Updated from the original post 9/24/2014 on the Prairie Research Institute Library’s blog, “News from the Library”, in honor of Preservation Week.
Illinois Digital Environment for Access to Learning and Scholarship (IDEALS) is our institutional repository, which “collects, disseminates, and provides persistent and reliable access to the research and scholarship of faculty, staff, and students at the University of Illinois at Urbana-Champaign.” IDEALS was initiated in 2004, based upon recommendations from from CITES and the University Library. The first file deposits were made in September 2005. There are currently more than 75,000 works in IDEALS. IDEALS is part of the University Library‘s holistic digital preservation program.
The Prairie Research Institute has a community in IDEALS which holds our in-house publications and reports. There are currently more than 5,700 works in our growing community, which is one of the largest departmental communities in IDEALS. There were more than 25,000 downloads of Prairie Research Institute content this month alone. IDEALS is not just for departments, however. IDEALS is available for all students, staff, and faculty to use as an archive of their work. Guidelines for deposit into IDEALS are below, and are presented in detail on the IDEALS website:
- Work to be deposited should be “wholly or in part produced or sponsored by University of Illinois at Urbana-Champaign faculty, researchers, staff, or students.”
- Work should be “finished;” that is, you should not intend to edit files once deposited.
- Work should comply with the IDEALS copyright and intellectual property policy.
- Files of all types are accepted, but note that certain formats are more amenable to long-term preservation.
Services provided by IDEALS include persistent URLs (handles) for deposited works, long-term preservation of files, high visibility in web searches, full text searching, and download monitoring for deposited works. Although open sharing of deposited content is recommended, it is permissible to restrict access completely, to specific user groups, or for a specified “embargo” period. Here are some ways you can use IDEALS, and reasons to do so:
- Archive your presentations. You can share your presentation with colleagues immediately and in perpetuity by depositing slides and text into IDEALS.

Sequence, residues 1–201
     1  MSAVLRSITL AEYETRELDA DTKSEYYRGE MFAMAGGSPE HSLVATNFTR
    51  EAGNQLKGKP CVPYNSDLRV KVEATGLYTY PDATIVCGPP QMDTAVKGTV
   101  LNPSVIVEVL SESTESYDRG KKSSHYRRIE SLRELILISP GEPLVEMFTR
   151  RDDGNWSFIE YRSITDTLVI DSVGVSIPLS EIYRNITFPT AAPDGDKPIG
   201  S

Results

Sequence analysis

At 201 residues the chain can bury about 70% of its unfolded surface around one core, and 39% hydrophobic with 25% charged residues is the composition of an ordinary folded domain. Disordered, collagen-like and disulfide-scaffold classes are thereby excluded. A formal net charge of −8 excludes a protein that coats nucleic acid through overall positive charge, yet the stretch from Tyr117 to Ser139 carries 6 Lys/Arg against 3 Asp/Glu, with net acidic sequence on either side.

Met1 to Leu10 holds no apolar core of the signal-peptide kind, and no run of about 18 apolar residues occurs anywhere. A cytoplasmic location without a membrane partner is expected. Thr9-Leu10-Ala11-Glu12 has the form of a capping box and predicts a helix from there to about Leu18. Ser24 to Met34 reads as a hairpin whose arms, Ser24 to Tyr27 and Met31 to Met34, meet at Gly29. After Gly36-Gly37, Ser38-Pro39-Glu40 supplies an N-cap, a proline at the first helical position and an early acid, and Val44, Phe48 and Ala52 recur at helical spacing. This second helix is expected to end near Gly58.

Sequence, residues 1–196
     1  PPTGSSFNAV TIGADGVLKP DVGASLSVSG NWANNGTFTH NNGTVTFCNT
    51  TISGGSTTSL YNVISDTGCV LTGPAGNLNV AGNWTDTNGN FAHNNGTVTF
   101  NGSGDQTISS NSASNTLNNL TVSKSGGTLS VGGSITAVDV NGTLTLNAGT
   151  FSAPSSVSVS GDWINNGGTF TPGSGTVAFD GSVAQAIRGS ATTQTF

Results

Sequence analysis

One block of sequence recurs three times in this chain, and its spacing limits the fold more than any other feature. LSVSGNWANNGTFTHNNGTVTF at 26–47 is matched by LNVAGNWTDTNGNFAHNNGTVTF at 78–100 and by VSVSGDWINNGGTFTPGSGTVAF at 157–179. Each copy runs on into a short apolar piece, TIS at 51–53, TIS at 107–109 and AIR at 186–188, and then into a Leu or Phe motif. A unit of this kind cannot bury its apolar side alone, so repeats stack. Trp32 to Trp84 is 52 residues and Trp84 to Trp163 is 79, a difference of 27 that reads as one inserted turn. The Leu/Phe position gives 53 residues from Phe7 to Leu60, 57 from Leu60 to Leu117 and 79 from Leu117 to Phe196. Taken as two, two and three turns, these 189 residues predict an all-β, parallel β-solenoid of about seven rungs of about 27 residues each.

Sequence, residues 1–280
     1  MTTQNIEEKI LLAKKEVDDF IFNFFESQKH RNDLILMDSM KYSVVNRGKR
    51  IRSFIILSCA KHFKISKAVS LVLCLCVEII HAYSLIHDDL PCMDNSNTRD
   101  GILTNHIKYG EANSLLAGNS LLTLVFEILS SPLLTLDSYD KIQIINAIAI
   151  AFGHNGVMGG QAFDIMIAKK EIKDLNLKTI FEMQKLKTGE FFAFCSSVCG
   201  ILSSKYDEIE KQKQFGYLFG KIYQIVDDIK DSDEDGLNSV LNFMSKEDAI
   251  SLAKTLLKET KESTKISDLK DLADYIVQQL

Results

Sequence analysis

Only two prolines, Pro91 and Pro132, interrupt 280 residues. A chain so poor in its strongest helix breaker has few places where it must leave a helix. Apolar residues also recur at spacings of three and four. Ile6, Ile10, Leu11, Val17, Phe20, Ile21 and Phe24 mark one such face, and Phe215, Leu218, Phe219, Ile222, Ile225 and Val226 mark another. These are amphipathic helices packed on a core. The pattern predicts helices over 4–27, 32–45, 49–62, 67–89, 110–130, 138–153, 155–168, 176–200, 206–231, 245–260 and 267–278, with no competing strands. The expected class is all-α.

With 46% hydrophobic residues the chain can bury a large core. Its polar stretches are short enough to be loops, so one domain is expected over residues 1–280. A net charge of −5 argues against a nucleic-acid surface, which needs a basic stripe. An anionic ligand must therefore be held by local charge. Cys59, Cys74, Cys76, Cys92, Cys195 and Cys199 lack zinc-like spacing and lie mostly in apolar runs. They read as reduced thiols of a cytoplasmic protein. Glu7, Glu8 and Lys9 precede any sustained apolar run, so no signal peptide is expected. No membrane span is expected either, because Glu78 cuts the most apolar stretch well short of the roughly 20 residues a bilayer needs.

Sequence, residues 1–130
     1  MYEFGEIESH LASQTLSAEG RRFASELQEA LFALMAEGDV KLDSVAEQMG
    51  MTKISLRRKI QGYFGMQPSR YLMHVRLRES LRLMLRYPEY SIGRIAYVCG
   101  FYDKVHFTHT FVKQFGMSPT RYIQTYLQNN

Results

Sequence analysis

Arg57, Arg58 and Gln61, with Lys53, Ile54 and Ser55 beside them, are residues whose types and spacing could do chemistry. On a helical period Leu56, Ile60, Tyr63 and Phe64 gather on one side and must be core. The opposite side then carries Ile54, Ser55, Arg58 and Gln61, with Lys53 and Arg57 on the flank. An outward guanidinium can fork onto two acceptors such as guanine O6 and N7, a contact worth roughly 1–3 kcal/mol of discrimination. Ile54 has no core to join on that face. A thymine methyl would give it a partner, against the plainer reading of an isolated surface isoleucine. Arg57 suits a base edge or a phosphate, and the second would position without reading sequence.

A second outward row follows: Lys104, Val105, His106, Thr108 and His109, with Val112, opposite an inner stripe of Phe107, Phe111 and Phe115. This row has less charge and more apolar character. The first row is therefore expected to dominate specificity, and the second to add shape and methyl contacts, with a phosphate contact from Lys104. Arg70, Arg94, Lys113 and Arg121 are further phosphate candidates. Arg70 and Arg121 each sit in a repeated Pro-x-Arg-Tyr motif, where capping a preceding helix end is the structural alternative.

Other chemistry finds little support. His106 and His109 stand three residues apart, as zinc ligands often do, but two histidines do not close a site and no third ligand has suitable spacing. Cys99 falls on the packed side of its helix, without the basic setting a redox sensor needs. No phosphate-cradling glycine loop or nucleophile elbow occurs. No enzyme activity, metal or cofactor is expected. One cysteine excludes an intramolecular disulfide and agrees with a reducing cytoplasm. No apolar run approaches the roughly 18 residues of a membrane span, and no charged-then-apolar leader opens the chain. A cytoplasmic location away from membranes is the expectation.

Why do this? Some conference or workshop proceedings are never published, or are published only partially or temporarily. Archiving and sharing from IDEALS insures a permanent home and persistent link for your presentation files.
- Archive your manuscripts. Most publishers do not allow authors to post the final published version of their own articles on their websites or networking tools such as ResearchGate (see Can you post your article on your profile?). Many publishers do, however, allow authors to deposit accepted, post-review, corrected manuscripts into institutional or disciplinary repositories. You can check publisher policies on institutional repository deposit and other author rights matters in the SHERPA/RoMEO directory, and by carefully reviewing publisher copyright transfer agreements, preferably before signing your rights away.
Why do this? When publishers allow it, depositing into an institutional repository is one way authors can legally provide open access to their work without paying additional fees to the publisher. The IDEALS record can include a link to the final published version of the article, and the manuscript in IDEALS allows any researcher at any institution to read and cite your work, even if they do not have access to the journal.
- Link to your work in IDEALS from your online vita or website. Use IDEALS links to provide access to your work from your own web pages rather than storing files locally.
Why do this? The IDEALS record has a persistent URL, so you will never need to update the link. Using the IDEALS infrastructure, which is supported at the campus level, saves local server space and maintenance cost.
- Request an IDEALS community for your research program. Related works can be gathered into communities and collections. Ask your librarian to create a community to gather the work from your research program into one place in IDEALS.
Why do this? Gathering your program output into one community provides a single place for users to access your research, and it allows you to track downloads of all program work in aggregate.
Further reading and resources:
Note: The Illinois Data Bank provides curation services specifically for data, including DataCite DOIs. Launched in May 2016 as a service of the Illinois Research Data Service, the Illinois Data Bank is the University of Illinois’ preservation repository for data.